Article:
1 cup arborio rice
2 shallots, chopped and minced
3 cloves fresh garlic, minced (we love the ‘Music’ variety that can be found at the market for a pretty penny)
2 cups white wine
2 cups chicken stock (I always keep some frozen, the taste is so much deeper than the store-bought stuff)
1 small lobster, boiled and chopped into big pieces (keep those magnificent claws intact)
2-3 tablespoons olive oil
salt and pepper
fresh tarragon and parsley, torn

—In a heavy, enamel-coated cast iron pot, gently heat olive oil (and goose fat, if you’re using it!) and saute shallots until soft. Do not brown.
—Add rice and garlic and stir, 30 seconds, to coat and lightly toast. Salt generously.
—Add ladles of white wine and chicken broth, alternating, and stir. Bring to a boil and reduce to a simmer. When the liquid has reduced by half, add another ladle of liquid.
—As the risotto thickens, the rice should be tender but have a definite bite to it. In the final moments, stir in the boiled lobster pieces.
—Top with torn tarragon, parsley, freshly cracked black pepper, lemon wedges, and a chilled bottle of white Burgundy.

MILLING AROUND

Have you ever used a tomato mill? (This one belongs to Michelle and Anthony). I had never used (or seen) one before, but after a major windfall purchase of Roma specimens at the market we decided to give it a shot. It was messy, loud, and effective, and produced half a dozen jars of sauce in no time at all — perfect for drenching over pasta with grilled eggplant and squash.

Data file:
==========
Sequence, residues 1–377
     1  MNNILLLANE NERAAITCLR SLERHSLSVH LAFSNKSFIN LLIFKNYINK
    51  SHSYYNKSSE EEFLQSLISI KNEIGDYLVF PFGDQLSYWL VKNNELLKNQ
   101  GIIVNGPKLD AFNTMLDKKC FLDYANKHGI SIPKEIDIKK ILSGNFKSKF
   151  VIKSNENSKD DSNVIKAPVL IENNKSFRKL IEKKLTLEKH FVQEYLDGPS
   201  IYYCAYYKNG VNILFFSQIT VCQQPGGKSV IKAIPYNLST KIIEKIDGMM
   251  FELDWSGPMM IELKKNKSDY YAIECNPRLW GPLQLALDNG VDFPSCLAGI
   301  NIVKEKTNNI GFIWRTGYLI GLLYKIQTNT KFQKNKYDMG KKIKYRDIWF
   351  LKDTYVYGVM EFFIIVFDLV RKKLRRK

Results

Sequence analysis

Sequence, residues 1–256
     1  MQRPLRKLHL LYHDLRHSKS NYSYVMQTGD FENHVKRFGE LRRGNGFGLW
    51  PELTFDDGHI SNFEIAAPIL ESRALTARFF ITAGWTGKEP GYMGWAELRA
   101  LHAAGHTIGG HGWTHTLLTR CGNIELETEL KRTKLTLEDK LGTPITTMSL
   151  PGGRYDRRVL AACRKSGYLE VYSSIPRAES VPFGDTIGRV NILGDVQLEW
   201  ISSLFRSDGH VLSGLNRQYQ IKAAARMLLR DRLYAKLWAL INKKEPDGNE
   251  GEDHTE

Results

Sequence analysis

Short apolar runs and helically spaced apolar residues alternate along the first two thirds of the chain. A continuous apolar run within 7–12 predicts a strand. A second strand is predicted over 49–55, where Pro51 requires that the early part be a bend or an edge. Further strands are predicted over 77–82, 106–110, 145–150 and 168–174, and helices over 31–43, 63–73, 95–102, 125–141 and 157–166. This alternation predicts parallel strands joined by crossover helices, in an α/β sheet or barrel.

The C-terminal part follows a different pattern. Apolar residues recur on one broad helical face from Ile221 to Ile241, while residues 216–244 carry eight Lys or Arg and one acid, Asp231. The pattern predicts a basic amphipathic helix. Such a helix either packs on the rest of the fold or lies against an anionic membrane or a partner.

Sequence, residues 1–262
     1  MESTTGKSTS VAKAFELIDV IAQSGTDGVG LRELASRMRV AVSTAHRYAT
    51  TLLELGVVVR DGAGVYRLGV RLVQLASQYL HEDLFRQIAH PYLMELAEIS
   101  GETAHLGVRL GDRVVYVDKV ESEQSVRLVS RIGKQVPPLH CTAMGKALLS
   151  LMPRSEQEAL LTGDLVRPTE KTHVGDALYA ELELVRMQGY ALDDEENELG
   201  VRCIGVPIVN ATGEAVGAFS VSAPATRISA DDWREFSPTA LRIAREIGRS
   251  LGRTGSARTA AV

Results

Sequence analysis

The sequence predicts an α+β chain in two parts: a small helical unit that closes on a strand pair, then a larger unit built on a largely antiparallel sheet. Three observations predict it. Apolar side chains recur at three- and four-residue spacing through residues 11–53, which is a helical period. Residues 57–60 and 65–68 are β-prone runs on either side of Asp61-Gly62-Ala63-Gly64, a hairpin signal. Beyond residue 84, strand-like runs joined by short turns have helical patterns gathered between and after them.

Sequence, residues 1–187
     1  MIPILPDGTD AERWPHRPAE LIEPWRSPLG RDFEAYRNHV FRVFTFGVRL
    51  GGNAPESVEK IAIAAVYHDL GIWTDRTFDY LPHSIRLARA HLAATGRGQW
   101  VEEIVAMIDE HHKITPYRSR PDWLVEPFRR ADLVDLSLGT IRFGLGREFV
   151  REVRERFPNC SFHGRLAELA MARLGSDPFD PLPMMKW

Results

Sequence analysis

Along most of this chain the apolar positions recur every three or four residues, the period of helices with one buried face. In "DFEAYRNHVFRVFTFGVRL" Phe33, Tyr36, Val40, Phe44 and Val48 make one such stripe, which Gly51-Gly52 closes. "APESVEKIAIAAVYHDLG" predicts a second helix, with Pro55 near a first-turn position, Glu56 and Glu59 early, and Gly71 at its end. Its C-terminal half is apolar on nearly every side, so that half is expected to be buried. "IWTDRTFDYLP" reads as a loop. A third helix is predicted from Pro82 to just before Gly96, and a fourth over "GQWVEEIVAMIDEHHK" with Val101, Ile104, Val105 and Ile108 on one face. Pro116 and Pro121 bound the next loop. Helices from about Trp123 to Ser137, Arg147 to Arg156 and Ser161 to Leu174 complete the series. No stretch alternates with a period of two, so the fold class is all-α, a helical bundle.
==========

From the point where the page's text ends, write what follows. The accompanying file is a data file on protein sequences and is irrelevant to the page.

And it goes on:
I’VE MOVED!!

After years of casual blogging, I’m stoked to announce that I finally bought the domain to my actual name — Natasha Pickowicz. Everything else remains the same, but my awesome web guru Sean made a few subtle aesthetic tweaks that I love. (Bigger, juicier photos!) The site will continue to evolve as I get more familiar with the new platform — like re-adding my blogroll and fixing up the archive — but in the meantime, Google Readers and blog subscribers, please update your link! I would be so grateful.

Okay, onto other sweet things: Dépanneur Le Pick Up is partnering up again with POP Montreal for some rad on-site events, including a four-day residency with Toronto-based performance artist Peanut Brittle. There will be a multitude of guest DJs through the duration of our WEZY broadcast, and I’ll be behind the decks in our little ice hut today from 4:30-6pm. You can watch our broadcast live stream (!) here, or tune in, analog-style, to 104.6FM. Can I just take a moment to say how rad it has been to get involved again with radio? Yes. It has been rad.

ONE MOORE TIME

Ratatouille, day 2 — even better than ratatouille, day 1. (Full recipe here). Too bad there is no more ratatouille to see if it gets even better on day 3.

On a different note — I wrote a piece for Maisonneuve Magazine describing my favorite R. Stevie Moore video moments. I find his videos hysterical and it was a lot of fun to sift through all of his (bizarre) work. The piece was written in conjunction with an event I’m featured in on Friday, as part of POP Montreal’s Symposium series. I’ll be interviewing R. Stevie Moore at 3:30pm at the POP Headquarters — please come check it out! (Oh and finally, my friend Sean wrote a handy guide to POP Montreal for the overwhelmed. It’s enormously helpful. Check it.)